Spawning season in Egypt (Red Sea) extended from May to end July, peaking in June. Length at 50% maturity was 28 cm TL (three years). F:M ratio 2.4:1. Mean size at sex reversal is 48 cm TL. Said to be protogynous, based on disparate length frequencies for males and females and observation of bisexual gonads. Absolute fecundity increases from age three to six, then drops at age seven. Relative fecundity 121 to 776 eggs/g body weight (Ghorab et al. 1986).

Spawning season in Oman extended from August to October and peaked in September. Length at 50% maturity is 41 cm (Oman Fisheries Dept. unpub).

Fisheries-dependent
In the Seychelles, it is common across the Mahe Plateau and surrounding banks, especially at depths ranging from 40 to 60 m. More abundant over rough rubble and coralline areas although it is taken in (experimental) trawls over more sandy areas (J. Robinson, Seychelles Fishing Authority, pers. comm.). In Seychelles it frequents the shelf edges of the banks and has been fished down to depths of 250 m (Intes and Bach 1989). It is less common on the atolls to the south of Seychelles and appears absent on shallow reefs (Pears 2005).

Growth and maturity
Growth parameters for E. chlorostigma from the Seychelles have been derived using a range of methods, but those considered the most reliable are given, using length based (Mees 1992, Sanders et al. 1988) or size at age approaches (Grandcourt 2002) (Table 2). Aged up to 26 years in Oman.

Follow the link below for Table 2: Growth parameters for E. chlorostigma from the Seychelles.

Estimates of natural mortality using the growth parameters of Mees (1992) and Sanders et al. (1988) in Table 2 vary from 0.43, using Pauly (1980), to between 0.37 and 0.39 using Ralston (1987) models, which are considered more reliable for slow growing fish. Using the parameters derived by Grandcourt (2002), natural mortality estimated from Pauly is 0.37 yr-1.

Length-weight relationship y g = 0.0145.x cm FL.3.05.

Systems
  • Marine
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General Habitat

"Epinephelus chlorostigma is a reef-associated species found over a wide range of habitats like seagrass beds and outer reef slopes. In the South China Sea, it is also found on mud bottoms. Depth range from 4 to 280 m."
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Environment

reef-associated; non-migratory; marine; depth range 4 - 300 m (Ref. 11888)
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Depth range based on 14 specimens in 1 taxon.
Water temperature and chemistry ranges based on 2 samples.

Environmental ranges
  Depth range (m): 5 - 100
  Temperature range (°C): 25.144 - 25.782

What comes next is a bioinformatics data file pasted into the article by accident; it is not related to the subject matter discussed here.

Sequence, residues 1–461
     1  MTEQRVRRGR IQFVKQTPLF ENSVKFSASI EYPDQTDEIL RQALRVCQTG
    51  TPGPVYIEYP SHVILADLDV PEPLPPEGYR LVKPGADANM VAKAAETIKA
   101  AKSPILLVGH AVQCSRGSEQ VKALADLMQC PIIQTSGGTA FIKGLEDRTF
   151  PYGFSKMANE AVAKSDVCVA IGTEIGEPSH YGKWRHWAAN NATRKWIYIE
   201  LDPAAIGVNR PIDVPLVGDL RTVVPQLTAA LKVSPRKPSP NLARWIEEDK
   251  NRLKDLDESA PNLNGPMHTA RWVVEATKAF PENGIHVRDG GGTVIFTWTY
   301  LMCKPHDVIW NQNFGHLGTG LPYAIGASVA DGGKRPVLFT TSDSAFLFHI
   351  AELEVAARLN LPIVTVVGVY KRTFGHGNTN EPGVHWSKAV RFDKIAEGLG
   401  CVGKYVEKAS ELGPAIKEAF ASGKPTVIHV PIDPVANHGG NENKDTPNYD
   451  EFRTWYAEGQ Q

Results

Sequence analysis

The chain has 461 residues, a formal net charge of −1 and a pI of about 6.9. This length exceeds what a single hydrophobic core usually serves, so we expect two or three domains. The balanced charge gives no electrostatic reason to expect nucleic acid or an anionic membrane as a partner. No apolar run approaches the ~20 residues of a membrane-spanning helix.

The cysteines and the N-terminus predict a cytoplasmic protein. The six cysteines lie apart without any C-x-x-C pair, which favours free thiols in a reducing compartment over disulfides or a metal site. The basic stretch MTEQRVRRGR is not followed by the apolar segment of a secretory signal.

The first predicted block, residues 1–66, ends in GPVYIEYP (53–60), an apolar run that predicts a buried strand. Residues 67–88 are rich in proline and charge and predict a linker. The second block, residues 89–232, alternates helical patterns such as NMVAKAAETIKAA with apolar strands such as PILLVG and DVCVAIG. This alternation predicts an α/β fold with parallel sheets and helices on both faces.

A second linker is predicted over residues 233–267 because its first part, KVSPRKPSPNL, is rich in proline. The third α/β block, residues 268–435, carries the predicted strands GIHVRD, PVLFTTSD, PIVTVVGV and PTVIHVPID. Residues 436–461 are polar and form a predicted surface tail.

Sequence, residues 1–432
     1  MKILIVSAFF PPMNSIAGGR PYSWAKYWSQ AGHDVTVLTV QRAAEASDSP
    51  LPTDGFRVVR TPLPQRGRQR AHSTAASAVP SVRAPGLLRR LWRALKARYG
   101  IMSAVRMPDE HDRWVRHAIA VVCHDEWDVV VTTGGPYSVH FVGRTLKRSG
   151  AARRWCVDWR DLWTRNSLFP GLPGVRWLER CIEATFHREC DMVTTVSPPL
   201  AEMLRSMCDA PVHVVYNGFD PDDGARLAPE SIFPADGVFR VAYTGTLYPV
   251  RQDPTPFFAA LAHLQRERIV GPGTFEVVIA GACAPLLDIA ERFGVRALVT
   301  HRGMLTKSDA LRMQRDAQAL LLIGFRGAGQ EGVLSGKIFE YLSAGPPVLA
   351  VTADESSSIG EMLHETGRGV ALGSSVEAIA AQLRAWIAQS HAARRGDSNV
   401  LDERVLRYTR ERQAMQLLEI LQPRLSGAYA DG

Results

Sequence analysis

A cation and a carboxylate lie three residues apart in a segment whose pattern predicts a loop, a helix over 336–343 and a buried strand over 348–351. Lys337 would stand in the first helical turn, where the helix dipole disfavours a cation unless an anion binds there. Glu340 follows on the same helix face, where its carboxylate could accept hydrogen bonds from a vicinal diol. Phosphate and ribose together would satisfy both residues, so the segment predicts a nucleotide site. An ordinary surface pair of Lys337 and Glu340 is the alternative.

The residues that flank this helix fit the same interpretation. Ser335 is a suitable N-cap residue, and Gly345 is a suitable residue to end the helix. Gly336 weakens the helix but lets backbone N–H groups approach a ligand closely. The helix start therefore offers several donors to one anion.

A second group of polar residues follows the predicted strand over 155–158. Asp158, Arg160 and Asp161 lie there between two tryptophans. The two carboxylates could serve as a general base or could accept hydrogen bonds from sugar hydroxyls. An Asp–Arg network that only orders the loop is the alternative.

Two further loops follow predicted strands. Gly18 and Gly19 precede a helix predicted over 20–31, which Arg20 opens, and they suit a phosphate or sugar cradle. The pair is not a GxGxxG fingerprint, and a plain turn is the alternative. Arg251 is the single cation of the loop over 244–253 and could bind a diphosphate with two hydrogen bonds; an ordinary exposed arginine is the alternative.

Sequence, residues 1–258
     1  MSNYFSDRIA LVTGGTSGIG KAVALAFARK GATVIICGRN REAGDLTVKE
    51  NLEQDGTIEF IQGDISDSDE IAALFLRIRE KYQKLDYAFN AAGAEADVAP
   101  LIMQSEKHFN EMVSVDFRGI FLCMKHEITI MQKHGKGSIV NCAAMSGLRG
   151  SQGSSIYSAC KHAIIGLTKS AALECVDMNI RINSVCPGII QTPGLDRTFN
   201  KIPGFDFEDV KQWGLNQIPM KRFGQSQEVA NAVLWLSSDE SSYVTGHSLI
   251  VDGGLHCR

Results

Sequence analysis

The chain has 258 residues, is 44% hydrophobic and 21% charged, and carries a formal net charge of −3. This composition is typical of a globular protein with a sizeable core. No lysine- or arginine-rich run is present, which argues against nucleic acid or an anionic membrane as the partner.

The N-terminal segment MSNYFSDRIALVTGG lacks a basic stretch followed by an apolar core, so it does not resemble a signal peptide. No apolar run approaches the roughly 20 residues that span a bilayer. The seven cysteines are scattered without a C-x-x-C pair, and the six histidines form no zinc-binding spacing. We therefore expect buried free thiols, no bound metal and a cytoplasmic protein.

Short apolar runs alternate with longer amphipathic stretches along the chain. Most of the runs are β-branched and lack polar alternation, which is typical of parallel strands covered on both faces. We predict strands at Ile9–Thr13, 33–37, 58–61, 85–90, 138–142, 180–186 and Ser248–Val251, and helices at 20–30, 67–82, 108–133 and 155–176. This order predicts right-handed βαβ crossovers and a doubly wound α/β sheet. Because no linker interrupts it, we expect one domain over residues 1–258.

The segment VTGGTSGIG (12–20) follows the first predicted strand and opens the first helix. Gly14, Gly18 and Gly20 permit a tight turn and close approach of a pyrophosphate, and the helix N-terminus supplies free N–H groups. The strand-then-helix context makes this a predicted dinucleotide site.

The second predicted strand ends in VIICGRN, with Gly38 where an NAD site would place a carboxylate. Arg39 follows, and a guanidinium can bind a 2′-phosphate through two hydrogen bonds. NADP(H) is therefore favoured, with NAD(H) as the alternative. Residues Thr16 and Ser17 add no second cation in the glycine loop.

Nitrate (umol/L): 0.233 - 2.589
  Salinity (PPS): 34.844 - 35.007
  Oxygen (ml/l): 4.080 - 4.825
  Phosphate (umol/l): 0.167 - 0.349
  Silicate (umol/l): 3.090 - 3.238

Graphical representation

Depth range (m): 5 - 100

Temperature range (°C): 25.144 - 25.782

Nitrate (umol/L): 0.233 - 2.589

Salinity (PPS): 34.844 - 35.007

Oxygen (ml/l): 4.080 - 4.825

Phosphate (umol/l): 0.167 - 0.349

Silicate (umol/l): 3.090 - 3.238
 
Note: this information has not been validated. Check this *note*. Your feedback is most welcome.

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Depth: 4 - 300m.
From 4 to 300 meters.

Habitat: reef-associated.
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Migration

Non-migratory
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Trophic Strategy

"Secondary consumer. Prey: Small fishes and benthic crusteceans, mainly stomatopods and crabs."
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Found over a wide range of habitats like seagrass beds and outer reef slopes (Ref. 5213); in the South China Sea, it is also found on mud bottoms. Feeds on small fishes and crustaceans (mainly stomatopods and crabs). Also in Ref. 9137, 58534.
  • Heemstra, P.C. and J.E. Randall 1993 FAO Species Catalogue. Vol. 16. Groupers of the world (family Serranidae, subfamily Epinephelinae). An annotated and illustrated catalogue of the grouper, rockcod, hind, coral grouper and lyretail species known to date. Rome: FAO. FAO Fish. Synop. 125(16):382 p. (Ref. 5222)   http://www.fishbase.org/references/FBRefSummary.php?id=5222&speccode=12 External link.
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Diseases and Parasites

Diseases

"Fish Lymphocystis Disease (FLD) caused due to iridovirus, measuring 130-330 nm size, is a chronic viral infection that occurs among finfish worldwide over a wide range of water temperatures including tropical climates. It was reported in E. chlorostigma cultured in marine net cages in Guangdong, China (Chong and Chao, 1984). The digenean parasites reported in E. chlorostigma from the Indo-Pacific region include - 1. Allopodocotyle epinepheli (Yamaguti, 1942) from Japan, Cainocreadium epinepheli ((Yamaguti,1934) from Arabian Gulf (Saoud et al. 1986), and Japan (Yamaguti, 1942). 2. Hamacreadium mutabile (Linton, 1910) from Red Sea by Ramadan (1983). 3. Hamacreadium mutabile Linton, 1910 (as Hamacreadium epinepheli Yamaguti, 1934) from the Pacific coast of Japan (Yamaguti, 1942). 4. Podocotyle epinepheli Yamaguti, 1942 from Naha, Okinawa Island by Yamaguti, 1958. 5. Prosorhynchus epinepheli Yamaguti, 1939 from Arabian Gulf by Saoud et al. (1988b) and from India by Hafeezullah and Siddiqi (1970). Monogenean parasites reported from E. chlorostigma include - 1. Benedenia lutjani (Whittington and Kearn, 1993), Benedenia sp. (Diesing, 1858), Diplectanum grouperi (Leong, Wong, Woo e Foo, 1999), Haliotrema epinepheli (Young, 1968), Megalocotyloides convolute , Megalocotyloides epinepheli (Bychowsky and Nagibina, 1976), Neobenedenia girellae (Hargis, 1955), Neobenedenia sp. (Yamaguti, 1963), Pseudorhabdosynochus coioidesis (Bu, Leong, Wong, Woo e Foo, 1999), Pseudorhabdosynochus epinepheli (Yamaguti,1958), and Pseudorhabdosynochus lanteuensis from Thailand marine water by Leong (2001). 2. Haliotrema epinepheli Young, 1968 from Red Sea by Paperna (1972). 3. Microcotyle mouwoi (Ishii et Sawada,1938) and Tetrancistrum sigani (Goto et kikuchi,1917) from Japan marine waters by Yamaguti(1963)."